Showing posts from 2017

WAE DX contest SSB, N2RJ North America winner!

Would you look at that!!! Seems like I made the winner's box :) This was a pretty tough one, as we had absolutely horrid band conditions, with a radio blackout on Sunday. It was tough going. BUT you know what they say - when the going gets tough, the tough get going. So I powered through, despite bad conditions and QRM from Ethiopia.   I savor it for now, and hope I can repeat it for next year. I guess I need to figure out where on my wall the new plaque will be going. :) A word about band conditions - I actually prefer worse conditions as it allows me to concentrate on one or two bands rather than having to make decisions about the higher bands. It also reduces the temptation to chase after multipliers on higher bands rather than focusing on rate. No more. I am focusing strongly on running with mult chasing on the 2nd radio almost exclusively. My strategy is changing, and it seems to be working. Special thanks to Keith, KJ8DO for loaning me his Alpha 91B amp.

160 meters and 9 band DXCC!!!

YEAH! I did it!!! I finally got my DXCC on 160 meters. The last entity to confirm was ZA1WW in Albania. Thankfully it was via LoTW so there was no need for a trip to the card checker. How hard was it? Not as hard as you think, but no cakewalk either. The key to 160m operating is listening. "If you can't hear 'em you can't work 'em" is especially true on this band. For this reason I have done extensive research on receiving antennas, noise floor and operating techniques to maximize SNR. I fought many pileups, including some rare (on topband, anyway) entities in far off places like Cote d'Ivoire, and Annobon Island. Anyway, I enjoy this for now and bask in the glory of 9 band DXCC!!

The FT8 conundrum

As I sit here I am working FT8 on 160 meters. It's a great mode to kill time and get some DX, states or new friends in the log. But this mode is not without controversy. Let's explore some of the controversies and see what can, and should be done. Or not. What's the big deal about FT8 anyway? If you haven't heard of the mode, I am thinking that maybe your radio isn't working or you haven't tuned up into the digital portion of the HF bands lately. So, briefly - FT8 is a digital "sound card" mode jointly developed by two really smart people - Joe Taylor, K1JT and Steve Franke, K9AN. It's not a rag chew mode. Instead, it provides basic QSOs exchanging grid squares and signal reports. One can optionally send a short message (13 characters) but the mode really isn't for this. FT8 was born out of other similar modes such as JT65 and JT9, which were also short QSO modes, developed for weak signal work. In fact, Joe initially developed the JT65 mod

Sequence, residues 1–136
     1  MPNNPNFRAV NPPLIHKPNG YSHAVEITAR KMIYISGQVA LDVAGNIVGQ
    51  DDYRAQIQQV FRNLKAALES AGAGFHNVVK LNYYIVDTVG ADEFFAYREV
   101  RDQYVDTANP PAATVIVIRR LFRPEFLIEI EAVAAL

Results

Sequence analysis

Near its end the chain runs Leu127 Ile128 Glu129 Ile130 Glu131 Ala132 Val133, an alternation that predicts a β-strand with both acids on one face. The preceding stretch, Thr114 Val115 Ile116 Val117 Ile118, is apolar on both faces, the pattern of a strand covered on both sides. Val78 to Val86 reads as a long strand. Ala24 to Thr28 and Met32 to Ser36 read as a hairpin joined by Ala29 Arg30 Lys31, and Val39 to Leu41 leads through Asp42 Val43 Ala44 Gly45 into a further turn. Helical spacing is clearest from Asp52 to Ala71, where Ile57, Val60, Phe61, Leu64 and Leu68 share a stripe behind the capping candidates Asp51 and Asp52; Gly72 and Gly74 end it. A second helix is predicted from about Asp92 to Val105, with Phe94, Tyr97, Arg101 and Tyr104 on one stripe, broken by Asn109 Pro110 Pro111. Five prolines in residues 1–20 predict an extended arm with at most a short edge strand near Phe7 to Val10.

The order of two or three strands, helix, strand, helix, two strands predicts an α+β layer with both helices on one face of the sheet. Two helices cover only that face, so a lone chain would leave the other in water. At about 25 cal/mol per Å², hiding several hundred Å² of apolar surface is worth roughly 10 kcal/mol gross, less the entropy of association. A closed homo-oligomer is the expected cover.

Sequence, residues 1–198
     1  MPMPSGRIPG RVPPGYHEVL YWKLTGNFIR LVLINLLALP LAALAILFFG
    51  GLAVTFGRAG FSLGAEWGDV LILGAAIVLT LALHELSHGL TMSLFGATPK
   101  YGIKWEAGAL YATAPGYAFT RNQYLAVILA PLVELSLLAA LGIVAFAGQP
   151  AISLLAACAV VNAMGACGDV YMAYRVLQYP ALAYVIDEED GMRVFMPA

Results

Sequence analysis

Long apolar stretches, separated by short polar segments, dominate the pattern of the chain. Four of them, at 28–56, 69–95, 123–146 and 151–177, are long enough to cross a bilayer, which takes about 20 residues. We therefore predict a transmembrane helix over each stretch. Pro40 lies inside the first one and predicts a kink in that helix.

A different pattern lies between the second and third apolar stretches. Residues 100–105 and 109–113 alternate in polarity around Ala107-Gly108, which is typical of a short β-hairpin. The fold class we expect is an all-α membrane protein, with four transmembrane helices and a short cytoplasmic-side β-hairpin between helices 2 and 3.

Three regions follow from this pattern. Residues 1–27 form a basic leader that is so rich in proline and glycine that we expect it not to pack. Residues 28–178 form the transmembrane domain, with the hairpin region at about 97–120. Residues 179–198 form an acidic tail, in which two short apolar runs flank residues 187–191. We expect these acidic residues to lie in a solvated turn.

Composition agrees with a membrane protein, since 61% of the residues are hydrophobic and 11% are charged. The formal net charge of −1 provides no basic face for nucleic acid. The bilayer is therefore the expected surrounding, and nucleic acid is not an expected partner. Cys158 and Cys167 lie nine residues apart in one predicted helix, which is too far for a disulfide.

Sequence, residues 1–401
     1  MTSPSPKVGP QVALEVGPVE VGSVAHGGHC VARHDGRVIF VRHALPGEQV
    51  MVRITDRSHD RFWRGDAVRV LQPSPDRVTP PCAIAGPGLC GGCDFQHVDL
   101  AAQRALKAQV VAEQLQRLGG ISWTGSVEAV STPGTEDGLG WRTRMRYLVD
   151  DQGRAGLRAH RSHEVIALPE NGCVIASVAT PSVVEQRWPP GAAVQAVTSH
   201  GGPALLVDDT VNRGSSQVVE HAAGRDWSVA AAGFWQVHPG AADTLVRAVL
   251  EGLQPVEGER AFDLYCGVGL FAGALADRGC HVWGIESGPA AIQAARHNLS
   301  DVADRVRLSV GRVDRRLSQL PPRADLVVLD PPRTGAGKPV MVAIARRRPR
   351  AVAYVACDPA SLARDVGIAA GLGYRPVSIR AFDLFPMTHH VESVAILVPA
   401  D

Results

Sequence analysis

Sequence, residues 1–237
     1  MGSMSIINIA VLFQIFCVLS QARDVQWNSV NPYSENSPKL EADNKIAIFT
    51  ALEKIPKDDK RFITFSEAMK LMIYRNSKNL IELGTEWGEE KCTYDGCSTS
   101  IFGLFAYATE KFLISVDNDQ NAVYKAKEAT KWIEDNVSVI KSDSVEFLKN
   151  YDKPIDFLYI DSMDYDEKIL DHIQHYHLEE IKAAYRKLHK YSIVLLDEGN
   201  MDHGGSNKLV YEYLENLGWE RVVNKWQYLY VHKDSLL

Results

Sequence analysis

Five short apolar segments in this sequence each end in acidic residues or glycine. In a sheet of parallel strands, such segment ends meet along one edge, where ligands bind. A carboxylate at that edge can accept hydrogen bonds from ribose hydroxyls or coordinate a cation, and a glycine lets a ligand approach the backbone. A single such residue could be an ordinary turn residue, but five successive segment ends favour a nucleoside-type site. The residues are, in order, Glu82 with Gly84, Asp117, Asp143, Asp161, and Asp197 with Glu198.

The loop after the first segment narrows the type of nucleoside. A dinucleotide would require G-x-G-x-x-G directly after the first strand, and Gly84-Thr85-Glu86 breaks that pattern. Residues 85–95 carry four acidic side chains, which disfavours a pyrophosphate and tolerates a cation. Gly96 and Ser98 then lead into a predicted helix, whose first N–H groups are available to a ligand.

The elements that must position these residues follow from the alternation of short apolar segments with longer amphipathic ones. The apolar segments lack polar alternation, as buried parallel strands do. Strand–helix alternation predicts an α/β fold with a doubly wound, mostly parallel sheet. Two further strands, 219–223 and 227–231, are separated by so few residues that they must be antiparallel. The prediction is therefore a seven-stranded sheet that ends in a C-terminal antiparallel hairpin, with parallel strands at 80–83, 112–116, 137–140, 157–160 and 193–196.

LED lamp QRM - solved!

Last week I became really scared because I turned on 40 meters and there was AC buzz all over. I have a relatively quiet noise floor which is advantageous for contesting and DXing, and my fear was that my neighbors had bought some cheap device with a switching power supply that would spew noise all over the HF bands. Or was it the new fridge we bought? Or was it something else? Thankfully cooler heads prevailed and I went about finding the noise source methodically. Watch how I got it done! Troubleshooting The very first thing I did was to get a shortwave radio and verify that the noise was there. Indeed, a portable shortwave radio confirmed that it was there. Actiually, I used my Kenwood TH-D74A in general coverage shortwave mode. It works well for this purpose. The next step was to shut off the main breaker in the house. We did that, and the noise was gone. This alone was a huge sigh of relief! The noise was inside this house, and this means I had full control over it, at leas

6 meter opening this evening

Mike, VA3MW alerted me to an opening on 6 meters tonight (11/28 EST, 11/29 UTC). Just as I had walked in the door. I dropped everything, put on dinner quick then went to work the opening on FT8. It didn't last too long, about 40 minutes. At least for me, as I started well into it. Anyway, here is a PSKReporter screen shot of who was hearing me. I was running 1kW into 6 elements wide spaced (34ft boom). Furthest hearing me was NA6L in California. My other friend Howard, KY6LA told me that NA6L heard me for one cycle and tried to call. But the opening had probably started fading out by that time I suspect. Oh well! 

Some thoughts on ham radio, millenials and the future of the hobby.

Why this post? So let's start off by saying that this won't be yet another reply to Sterling, N0SSC's article  about why Millenials are "killing" ham radio.  I am in the millenial demographic, but I come from 20 years of experience in the hobby, starting off as a teenager. However I feel that an alternate view is important because Sterling's post does have a few valid points, but a lot of it ignores what is right and wrong with the hobby. The spark. I can't really pin down what was the spark that got me specifically into amateur radio. I can say that ever since I knew myself, I was always fond of technical things. Suffice to say, this is what got me into the hobby. I had a few great elmers along the way, mostly SK now, but they nurtured me in the hobby. Why ham radio? Why did you get into this hobby? For me it was a vehicle for electronic experiments and science. I later on discovered things like DXing and contesting which were simply a w